In 1911, film directorThomas Ince created his Western film factory, "Inceville," which at its peak employed nearly 600 people. A decade later, the Rev. Charles H. Scott and the Southern California Methodist Episcopal Church bought the land; in 1922, Scott founded Pacific Palisades, envisioning an elaborate religious-intellectual commune. Believers snapped up choice lots and lived in tents during construction. By 1925, the Palisades had 100 homes. In one subdivision, streets were named for Methodist missionaries. The tents eventually were replaced by cabins, then by bungalows, and ultimately by multimillion-dollar homes.
For many decades there was a virtual ban on drinking alcohol in the district, and a Chinese restaurant, House of Lee, held the only liquor license. The Methodist Church created a Chautauqua Conference Grounds in Temescal Canyon, before it was sold to become Temescal Gateway Park.
Areas or Neighborhoods
The Village is the Pacific Palisades' walkable, vibrant small central business district with its center at Sunset Boulevard and Via de la Paz. The Village consists of a weekly farmers' market, restaurants, cafés, and coffee shops in addition to boutiques, shops, banks, offices, and local events.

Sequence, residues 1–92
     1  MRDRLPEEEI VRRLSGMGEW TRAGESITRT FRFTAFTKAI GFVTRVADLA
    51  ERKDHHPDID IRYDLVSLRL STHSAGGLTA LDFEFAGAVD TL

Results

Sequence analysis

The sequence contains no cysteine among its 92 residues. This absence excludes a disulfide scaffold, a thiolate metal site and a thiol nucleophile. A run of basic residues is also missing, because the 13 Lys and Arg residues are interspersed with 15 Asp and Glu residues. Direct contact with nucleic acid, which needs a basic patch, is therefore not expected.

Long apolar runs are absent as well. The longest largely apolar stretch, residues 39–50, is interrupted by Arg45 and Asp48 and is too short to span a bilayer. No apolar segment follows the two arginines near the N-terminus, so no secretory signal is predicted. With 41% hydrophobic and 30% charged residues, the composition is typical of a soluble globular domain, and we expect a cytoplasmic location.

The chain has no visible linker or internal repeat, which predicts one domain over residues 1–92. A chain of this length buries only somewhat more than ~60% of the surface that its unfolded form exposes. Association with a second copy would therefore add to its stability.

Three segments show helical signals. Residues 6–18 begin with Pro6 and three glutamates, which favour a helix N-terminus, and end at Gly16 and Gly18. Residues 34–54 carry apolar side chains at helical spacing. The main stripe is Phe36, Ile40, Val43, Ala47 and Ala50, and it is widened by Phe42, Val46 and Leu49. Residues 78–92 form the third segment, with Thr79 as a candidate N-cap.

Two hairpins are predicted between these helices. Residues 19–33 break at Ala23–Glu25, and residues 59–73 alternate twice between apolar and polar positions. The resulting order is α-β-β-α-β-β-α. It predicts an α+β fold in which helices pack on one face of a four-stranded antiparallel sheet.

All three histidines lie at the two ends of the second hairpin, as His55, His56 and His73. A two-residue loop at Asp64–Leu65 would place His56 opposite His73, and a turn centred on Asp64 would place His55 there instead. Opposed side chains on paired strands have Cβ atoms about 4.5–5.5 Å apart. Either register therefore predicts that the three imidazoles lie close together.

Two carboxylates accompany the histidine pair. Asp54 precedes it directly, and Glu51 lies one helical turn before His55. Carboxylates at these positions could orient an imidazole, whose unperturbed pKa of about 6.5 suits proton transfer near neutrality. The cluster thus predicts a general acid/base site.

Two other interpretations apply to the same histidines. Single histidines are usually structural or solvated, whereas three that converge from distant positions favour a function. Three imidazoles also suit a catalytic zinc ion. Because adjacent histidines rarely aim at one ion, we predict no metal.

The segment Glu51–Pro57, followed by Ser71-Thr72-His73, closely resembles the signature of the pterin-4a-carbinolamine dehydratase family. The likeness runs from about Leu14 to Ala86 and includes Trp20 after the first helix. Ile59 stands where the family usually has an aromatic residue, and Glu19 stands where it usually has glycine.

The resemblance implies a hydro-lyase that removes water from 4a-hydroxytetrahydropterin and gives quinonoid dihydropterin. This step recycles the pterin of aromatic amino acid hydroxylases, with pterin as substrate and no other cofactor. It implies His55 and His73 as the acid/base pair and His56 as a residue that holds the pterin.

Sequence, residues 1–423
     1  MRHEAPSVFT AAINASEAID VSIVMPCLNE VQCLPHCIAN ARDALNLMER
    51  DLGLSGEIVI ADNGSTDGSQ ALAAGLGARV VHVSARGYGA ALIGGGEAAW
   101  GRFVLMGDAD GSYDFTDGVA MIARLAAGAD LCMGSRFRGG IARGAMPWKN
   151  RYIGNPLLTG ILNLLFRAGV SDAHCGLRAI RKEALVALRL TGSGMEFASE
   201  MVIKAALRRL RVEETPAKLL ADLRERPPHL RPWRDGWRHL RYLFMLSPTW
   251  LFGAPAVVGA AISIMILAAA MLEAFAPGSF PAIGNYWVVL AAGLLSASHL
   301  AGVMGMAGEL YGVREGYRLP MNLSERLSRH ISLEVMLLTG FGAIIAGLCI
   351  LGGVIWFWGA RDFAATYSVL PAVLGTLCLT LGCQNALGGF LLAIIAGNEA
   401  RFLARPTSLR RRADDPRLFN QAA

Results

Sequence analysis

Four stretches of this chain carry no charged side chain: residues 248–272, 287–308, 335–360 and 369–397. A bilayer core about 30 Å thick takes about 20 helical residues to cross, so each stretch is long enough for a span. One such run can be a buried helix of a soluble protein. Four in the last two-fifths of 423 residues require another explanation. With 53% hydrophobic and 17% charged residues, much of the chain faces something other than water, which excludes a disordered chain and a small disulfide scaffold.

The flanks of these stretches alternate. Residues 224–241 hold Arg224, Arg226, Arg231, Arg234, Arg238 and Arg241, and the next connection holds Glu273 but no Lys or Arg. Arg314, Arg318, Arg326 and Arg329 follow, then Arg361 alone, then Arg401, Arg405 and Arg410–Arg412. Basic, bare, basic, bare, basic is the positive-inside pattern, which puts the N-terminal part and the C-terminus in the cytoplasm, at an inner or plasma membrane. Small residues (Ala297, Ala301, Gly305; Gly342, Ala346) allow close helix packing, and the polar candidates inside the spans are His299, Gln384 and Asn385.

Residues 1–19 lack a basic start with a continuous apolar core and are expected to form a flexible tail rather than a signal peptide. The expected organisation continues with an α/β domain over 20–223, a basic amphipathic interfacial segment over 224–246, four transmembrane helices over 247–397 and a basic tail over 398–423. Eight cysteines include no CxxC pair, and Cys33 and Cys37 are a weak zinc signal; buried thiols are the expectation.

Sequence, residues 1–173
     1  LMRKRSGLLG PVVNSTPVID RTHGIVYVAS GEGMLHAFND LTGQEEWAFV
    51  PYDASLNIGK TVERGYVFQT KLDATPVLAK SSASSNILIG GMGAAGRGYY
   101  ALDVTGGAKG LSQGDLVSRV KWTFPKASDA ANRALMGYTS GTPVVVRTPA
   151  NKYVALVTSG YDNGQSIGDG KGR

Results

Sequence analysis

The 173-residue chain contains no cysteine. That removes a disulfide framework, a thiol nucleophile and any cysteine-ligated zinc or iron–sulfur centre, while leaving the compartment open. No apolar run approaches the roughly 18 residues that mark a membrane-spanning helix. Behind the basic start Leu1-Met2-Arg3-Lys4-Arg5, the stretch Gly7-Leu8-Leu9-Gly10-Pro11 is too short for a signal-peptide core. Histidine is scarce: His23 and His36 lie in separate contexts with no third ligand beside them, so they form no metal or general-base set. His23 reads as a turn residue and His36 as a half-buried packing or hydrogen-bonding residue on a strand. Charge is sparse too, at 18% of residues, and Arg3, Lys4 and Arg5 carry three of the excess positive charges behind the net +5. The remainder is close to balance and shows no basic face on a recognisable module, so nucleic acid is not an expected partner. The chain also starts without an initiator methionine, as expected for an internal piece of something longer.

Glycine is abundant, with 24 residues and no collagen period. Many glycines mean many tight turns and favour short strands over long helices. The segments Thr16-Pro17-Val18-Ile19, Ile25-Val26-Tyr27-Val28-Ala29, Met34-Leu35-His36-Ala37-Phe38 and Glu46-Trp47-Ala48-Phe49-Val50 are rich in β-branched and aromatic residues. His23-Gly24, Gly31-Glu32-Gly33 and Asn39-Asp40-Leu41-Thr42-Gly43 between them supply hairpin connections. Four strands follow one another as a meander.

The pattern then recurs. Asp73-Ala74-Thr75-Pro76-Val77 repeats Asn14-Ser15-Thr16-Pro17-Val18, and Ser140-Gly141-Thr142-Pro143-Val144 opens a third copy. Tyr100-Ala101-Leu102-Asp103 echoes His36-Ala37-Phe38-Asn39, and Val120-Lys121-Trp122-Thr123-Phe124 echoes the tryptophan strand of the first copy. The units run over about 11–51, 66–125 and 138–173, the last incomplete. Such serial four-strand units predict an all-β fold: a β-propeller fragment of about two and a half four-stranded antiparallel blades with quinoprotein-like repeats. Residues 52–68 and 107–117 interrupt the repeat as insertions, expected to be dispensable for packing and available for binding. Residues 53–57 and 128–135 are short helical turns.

The Via Mesa and the The Huntington Palisades are the neighborhoods that border the 'village' proper to the south of Sunset Boulevard, overlooking the ocean. The Via Mesa is nestled between Temescal Canyon on the west and Potrero Canyon on the east; the Huntington Palisades is nestled between Potrero Canyon on the west and Chautauqua Boulevard on the east. Both of these neighborhoods are easy walking distance to The Village and sit upon high bluffs that look out over the Pacific Ocean. Many of the homes in these neighborhoods are accordingly afforded beautiful ocean views and ocean air. This area is also home to the largest park of the Palisades: the 117 acre Palisades Park which has four baseball diamonds, eight tennis courts, two indoor basketball courts, a hockey rink, dog parks, and multiple playgrounds.